Kismet's visual-motor control is modeled after the human ocular-motor
system. The human system is so good at providing a stable percept of
the world that we have no intuitive appreciation of the physical
constraints under which it operates.
Humans have foveate vision. The fovea (the center of the retina) has
a much higher density of photoreceptors than the periphery. This
means that to see an object clearly, humans must move their eyes such
that the image of the object falls on the fovea. Human eye movement
is not smooth. It is composed of many quick jumps, called saccades,
which rapidly re-orient the eye to project a different part of the
visual scene onto the fovea. After a saccade, there is typically a
period of fixation, during which the eyes are relatively stable. They
are by no means stationary, and continue to engage in corrective
micro-saccades and other small movements. If the eyes fixate on a
moving object, they can follow it with a continuous tracking movement
called smooth pursuit. This type of eye movement cannot be evoked
voluntarily, but only occurs in the presence of a moving object.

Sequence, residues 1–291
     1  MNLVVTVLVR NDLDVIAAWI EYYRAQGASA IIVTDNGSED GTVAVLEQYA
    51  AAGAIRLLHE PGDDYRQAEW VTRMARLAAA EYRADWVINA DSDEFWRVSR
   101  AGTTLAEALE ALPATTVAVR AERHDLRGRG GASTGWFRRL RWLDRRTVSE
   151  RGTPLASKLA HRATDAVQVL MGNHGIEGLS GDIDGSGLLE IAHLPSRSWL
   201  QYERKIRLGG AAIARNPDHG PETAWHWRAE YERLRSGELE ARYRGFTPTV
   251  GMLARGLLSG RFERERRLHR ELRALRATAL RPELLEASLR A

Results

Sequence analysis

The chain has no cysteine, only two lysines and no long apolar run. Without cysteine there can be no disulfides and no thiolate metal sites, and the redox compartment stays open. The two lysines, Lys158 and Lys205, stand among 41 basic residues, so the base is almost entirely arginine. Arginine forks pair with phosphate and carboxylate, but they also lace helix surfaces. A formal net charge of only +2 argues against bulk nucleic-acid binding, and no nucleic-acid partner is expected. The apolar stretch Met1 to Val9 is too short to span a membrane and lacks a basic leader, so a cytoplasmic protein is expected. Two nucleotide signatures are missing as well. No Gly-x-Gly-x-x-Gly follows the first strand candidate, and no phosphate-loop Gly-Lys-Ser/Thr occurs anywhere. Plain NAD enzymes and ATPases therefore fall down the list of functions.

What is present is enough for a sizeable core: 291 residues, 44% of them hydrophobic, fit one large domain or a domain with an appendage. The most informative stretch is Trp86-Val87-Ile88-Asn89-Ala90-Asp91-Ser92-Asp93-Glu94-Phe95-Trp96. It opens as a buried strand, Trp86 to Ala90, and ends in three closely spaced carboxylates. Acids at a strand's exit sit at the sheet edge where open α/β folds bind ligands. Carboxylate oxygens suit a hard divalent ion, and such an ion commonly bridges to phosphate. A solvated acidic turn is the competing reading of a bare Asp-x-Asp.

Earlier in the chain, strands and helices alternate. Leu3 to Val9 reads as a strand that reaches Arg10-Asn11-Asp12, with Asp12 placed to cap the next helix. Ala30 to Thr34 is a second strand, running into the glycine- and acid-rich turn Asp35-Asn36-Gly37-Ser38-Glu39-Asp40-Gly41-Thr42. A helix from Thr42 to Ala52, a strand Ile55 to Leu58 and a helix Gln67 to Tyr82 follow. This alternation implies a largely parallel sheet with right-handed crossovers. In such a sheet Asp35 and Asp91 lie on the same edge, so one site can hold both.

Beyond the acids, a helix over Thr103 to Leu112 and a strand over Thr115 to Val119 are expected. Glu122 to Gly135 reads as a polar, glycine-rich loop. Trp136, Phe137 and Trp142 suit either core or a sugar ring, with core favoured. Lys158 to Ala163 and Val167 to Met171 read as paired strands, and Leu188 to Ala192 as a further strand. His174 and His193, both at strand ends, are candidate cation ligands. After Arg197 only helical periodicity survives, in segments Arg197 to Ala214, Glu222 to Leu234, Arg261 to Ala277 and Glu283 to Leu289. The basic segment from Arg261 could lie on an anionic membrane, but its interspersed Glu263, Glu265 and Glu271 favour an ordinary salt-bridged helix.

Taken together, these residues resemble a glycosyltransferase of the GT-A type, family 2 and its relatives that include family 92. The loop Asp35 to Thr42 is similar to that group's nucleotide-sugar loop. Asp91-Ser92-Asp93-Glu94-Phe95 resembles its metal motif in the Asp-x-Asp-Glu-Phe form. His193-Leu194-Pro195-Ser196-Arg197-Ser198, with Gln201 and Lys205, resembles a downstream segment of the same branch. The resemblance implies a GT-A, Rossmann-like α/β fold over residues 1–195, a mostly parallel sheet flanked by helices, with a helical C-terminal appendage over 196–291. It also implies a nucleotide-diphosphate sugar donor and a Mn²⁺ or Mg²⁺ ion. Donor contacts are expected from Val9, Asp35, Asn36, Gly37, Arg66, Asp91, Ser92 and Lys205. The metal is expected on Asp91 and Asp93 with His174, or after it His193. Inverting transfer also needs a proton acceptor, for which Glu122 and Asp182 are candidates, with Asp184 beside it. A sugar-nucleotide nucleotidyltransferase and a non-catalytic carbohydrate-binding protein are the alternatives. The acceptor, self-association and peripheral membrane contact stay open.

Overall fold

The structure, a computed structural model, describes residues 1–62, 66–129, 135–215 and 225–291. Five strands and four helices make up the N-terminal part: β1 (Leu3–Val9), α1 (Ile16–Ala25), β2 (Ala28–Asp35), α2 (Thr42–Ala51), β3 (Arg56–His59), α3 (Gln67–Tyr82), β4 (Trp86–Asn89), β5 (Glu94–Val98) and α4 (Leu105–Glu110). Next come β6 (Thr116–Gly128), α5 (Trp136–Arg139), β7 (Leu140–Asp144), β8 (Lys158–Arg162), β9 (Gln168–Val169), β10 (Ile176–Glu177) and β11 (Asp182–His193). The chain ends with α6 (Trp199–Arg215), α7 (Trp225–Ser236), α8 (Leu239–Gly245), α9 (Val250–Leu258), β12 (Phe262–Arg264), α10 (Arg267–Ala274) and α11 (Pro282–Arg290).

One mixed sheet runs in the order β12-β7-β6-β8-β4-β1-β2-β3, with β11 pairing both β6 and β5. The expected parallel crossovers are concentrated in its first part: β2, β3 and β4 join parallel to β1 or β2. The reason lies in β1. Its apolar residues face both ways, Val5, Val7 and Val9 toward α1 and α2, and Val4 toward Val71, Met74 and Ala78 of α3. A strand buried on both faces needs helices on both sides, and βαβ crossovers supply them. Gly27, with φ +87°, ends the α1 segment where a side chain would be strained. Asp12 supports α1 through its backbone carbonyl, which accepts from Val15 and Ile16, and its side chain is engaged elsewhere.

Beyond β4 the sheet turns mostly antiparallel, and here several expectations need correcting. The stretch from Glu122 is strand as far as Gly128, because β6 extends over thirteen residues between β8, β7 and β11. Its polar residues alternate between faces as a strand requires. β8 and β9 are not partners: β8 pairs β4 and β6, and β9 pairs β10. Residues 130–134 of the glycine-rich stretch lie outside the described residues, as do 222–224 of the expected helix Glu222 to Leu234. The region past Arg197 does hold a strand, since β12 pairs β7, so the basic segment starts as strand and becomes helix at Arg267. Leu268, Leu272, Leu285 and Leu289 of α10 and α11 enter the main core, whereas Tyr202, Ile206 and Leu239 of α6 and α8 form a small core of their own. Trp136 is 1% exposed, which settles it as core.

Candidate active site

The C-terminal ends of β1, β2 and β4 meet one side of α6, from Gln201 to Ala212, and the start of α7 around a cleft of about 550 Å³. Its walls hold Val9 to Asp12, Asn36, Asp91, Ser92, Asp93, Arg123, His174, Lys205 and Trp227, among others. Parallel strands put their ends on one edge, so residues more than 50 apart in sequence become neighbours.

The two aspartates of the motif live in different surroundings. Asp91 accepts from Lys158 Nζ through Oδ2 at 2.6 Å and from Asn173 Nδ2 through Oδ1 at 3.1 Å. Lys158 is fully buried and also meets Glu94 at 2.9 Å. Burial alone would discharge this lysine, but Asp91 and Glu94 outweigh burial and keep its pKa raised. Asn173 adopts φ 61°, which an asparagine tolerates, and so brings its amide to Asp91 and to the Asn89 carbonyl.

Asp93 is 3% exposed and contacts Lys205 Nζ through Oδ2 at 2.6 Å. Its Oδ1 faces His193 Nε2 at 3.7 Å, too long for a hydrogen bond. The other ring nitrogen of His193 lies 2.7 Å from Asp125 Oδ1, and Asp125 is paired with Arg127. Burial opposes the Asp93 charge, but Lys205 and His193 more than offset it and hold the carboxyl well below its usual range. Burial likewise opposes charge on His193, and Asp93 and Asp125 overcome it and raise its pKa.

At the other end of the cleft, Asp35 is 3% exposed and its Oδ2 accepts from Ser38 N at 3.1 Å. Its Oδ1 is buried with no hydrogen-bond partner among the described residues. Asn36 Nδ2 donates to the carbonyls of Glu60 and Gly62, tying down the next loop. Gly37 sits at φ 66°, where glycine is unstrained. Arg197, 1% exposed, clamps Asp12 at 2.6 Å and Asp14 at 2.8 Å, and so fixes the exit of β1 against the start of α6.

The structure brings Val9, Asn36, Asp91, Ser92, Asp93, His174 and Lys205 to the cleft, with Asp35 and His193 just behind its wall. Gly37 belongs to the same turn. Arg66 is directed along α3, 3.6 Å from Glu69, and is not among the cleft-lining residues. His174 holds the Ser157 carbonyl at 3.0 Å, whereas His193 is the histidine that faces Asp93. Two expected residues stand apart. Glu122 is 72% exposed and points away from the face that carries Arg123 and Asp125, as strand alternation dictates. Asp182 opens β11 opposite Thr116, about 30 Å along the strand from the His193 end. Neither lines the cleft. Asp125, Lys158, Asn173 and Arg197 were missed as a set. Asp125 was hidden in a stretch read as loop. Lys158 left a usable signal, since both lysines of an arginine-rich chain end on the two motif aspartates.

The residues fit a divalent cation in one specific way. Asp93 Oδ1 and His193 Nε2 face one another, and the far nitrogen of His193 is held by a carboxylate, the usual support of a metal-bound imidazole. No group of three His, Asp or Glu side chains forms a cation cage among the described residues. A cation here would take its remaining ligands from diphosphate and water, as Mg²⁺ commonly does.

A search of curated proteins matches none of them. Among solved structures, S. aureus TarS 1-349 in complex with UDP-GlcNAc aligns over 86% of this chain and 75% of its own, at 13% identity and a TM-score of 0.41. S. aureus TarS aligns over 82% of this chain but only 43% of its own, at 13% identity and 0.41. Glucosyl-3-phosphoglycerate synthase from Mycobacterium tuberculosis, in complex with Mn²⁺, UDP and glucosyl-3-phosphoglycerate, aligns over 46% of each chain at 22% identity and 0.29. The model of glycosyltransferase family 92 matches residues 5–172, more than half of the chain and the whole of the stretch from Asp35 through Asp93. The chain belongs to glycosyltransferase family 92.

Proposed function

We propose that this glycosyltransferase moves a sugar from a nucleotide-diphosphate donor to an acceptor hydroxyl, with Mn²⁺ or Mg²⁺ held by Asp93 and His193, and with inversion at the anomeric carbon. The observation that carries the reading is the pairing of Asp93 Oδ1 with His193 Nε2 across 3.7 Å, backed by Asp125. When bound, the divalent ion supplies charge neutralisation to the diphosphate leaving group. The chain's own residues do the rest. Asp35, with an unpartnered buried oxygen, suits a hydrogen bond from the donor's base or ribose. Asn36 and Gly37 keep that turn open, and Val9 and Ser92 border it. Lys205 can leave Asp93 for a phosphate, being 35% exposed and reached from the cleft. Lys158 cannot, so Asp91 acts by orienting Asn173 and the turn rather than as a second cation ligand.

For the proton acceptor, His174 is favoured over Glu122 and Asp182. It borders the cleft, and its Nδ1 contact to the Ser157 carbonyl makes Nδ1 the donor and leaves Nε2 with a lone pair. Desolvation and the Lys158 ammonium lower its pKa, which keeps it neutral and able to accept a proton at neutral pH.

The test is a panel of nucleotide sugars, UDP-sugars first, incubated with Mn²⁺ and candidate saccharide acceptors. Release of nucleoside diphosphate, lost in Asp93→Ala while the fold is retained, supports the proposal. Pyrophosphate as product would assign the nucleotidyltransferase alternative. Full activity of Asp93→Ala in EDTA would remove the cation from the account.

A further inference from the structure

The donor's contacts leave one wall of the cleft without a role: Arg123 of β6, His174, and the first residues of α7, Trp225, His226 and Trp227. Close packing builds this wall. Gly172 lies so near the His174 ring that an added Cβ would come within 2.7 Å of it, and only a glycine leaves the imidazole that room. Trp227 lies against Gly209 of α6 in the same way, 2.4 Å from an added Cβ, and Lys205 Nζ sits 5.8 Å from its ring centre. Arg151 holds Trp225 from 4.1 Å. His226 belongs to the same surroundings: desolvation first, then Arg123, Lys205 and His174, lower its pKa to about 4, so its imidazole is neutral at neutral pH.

Periods of fixation typically end after some hundreds of milliseconds,
after which a new saccade will occur.
The eyes normally move in lock-step, making equal, conjunctive
movements. For a close object, the eyes need to turn towards each
other somewhat to correctly image the object on the foveae of the two
eyes. These disjunctive movements are called vergence, and rely on
depth perception (see figure).
Since the eyes are located on the head, they need to compensate for
any head movements that occur during fixation. The vestibulo-ocular
reflex uses inertial feedback from the vestibular system to keep the
orientation of the eyes stable as the eyes move. This is a very fast
response, but is prone to the accumulation of error over time. The
opto-kinetic response is a slower compensation mechanism that uses a
measure of the visual slip of the image across the retina to correct
for drift. These two mechanisms work together to give humans stable
gaze as the head moves.
Our implementation of an ocular-motor system is an approximation of
the human system. Kismet's eyes periodically saccade to new targets
chosen by the attention system, tracking them smoothly if they move
and the robot wishes to engage them.
Vergence eye movements are more challenging, since errors in
disjunctive eye movements can give the eyes a disturbing appearance of
moving independently. Errors in conjunctive movements have a much
smaller impact on an observer, since the eyes clearly move in
Humans exhibit four characteristic types of eye motion. Saccadic
movements are high-speed ballistic motions that center a target in the
field of view. Smooth pursuit movements are used to track a moving
object at low velocities. The vestibulo-ocular and opto-kinetic
reflexes act to maintain the angle of gaze as the head and body move
through the world. Vergence movements serve to maintain an object in
the center of the field of view of both eyes as the object moves in